Up North: Duluth Road Closures Promote Physical & Mental Wellness

Updated: April 08, 2020 10:59 PM

A non-motorized movement is taking over parts of Duluth. The city has started dedicating streets to pedestrian, bike and stroller traffic.

Their purpose is to provide more opportunities to get outside while social distancing. 

"Being able to get out and about and enjoy this beautiful weather and spend some time outside in the fresh air is great," said Kris Hagstrom while taking a walk at Lester Park.

Now that it's officially spring, people are eager to shed their layers and hit the trails. Thanks to the city closing some roads to vehicle traffic pedestrians and bicyclists now have more space to enjoy the outdoors from a safe social distance.

"What we're doing is closing a few scenic park roads to support the governor's directions," said Jim Filby Williams, the Property Parks and Libraries Director for the City of Duluth.

"Folks have more options for walking and biking closer to home and they have more space at these new locations to spread out."

Filby added, "we also want to choose scenic spots because we're specifically trying to persuade folks maybe to not go to the Lakewalk as often as they might because we're seeing some unsafe crowding there."

Seven Bridges Road, the Skyline Parkway loop around Enger Tower, one mile of the Munger Trail and a half mile of Lincoln Park Drive are the four locations shut off to motorized vehicles. It's all in an effort to promote mental and physical health.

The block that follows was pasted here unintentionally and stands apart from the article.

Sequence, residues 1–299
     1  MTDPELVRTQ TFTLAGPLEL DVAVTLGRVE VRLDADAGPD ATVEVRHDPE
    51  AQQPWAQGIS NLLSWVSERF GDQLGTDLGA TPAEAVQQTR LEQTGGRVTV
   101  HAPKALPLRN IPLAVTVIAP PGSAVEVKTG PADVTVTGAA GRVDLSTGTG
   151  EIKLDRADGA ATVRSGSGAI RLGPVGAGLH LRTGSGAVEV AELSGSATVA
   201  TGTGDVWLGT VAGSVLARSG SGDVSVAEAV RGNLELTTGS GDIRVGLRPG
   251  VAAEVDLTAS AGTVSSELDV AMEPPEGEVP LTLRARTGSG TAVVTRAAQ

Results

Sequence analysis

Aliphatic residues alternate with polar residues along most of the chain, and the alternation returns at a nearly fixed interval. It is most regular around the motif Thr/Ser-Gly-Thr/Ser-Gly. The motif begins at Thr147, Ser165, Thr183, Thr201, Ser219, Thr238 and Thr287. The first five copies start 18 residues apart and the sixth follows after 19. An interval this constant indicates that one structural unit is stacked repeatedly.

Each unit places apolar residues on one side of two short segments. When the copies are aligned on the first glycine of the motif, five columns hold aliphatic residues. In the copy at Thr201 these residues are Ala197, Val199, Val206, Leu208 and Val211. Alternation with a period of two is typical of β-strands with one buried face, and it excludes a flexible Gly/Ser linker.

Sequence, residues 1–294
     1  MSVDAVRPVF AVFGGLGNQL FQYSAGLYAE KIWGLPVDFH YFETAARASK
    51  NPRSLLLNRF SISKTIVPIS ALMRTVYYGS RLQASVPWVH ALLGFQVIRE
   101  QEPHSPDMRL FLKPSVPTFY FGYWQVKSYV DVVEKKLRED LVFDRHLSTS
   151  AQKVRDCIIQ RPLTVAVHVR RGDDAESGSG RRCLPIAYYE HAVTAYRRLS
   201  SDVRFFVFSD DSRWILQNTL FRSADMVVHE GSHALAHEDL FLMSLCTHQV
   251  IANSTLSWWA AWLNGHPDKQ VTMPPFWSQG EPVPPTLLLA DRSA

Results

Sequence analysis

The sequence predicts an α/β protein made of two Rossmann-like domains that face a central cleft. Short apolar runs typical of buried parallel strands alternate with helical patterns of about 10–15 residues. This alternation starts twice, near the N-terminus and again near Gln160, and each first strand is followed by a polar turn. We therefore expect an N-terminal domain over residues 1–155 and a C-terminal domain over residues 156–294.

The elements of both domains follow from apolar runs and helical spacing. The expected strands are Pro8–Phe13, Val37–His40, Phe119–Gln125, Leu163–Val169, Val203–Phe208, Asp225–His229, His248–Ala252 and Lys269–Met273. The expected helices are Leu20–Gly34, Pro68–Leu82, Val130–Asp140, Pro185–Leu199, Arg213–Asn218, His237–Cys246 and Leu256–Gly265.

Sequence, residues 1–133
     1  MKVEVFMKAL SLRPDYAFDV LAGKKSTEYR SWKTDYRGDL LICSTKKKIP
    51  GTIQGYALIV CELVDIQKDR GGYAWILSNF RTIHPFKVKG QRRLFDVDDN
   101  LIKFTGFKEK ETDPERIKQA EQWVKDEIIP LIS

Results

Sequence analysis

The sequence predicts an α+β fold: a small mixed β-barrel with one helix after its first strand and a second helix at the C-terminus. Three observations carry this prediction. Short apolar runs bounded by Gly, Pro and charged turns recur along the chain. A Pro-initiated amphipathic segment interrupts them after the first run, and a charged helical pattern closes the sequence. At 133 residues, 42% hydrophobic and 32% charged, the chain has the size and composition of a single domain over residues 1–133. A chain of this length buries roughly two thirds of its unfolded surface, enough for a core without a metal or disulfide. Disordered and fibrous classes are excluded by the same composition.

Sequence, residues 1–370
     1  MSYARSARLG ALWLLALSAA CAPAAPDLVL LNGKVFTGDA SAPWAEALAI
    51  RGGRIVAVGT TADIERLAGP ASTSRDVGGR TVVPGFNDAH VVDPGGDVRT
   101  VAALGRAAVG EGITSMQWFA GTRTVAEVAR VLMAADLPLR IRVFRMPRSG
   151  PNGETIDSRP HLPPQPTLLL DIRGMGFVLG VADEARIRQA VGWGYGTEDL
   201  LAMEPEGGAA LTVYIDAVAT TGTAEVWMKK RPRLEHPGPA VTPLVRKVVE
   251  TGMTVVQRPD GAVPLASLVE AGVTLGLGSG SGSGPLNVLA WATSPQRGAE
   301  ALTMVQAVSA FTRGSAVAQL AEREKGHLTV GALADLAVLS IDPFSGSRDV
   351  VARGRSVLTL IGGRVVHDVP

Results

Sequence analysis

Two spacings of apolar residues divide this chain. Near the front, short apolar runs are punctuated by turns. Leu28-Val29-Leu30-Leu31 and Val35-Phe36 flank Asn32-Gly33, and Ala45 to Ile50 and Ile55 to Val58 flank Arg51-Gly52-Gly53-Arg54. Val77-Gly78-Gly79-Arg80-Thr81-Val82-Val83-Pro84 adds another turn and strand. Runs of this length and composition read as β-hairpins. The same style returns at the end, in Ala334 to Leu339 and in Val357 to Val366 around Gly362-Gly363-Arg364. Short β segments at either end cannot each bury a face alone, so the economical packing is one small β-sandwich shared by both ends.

"It's really opening up a lot of new trails for everyone and it's a lot more safe too," said Will Van Scoy while taking enjoying Lester Park Saturday with his family. 

"You don't have to worry about the cars going up and down and getting out of the way," Erin Bursell added while walking on the closed Seven Bridge Road. "Especially knowing we have to be so far apart."

Property Parks and Libraries Director Jim Filby Williams said the routes will remain closed at least through April but could be extended if need be. Adding more pathways to the non-motorized movement is being considered to help locals get out of the house.

"I think trying to get some movement in every single day is really important. Just being cooped up like that I find myself getting kind of lazy and so getting out of the house and moving my body is nice," said Madison Cardenas will walking with friends Cal Germain and Blake Skillen around the Skyline Parkway loop. 

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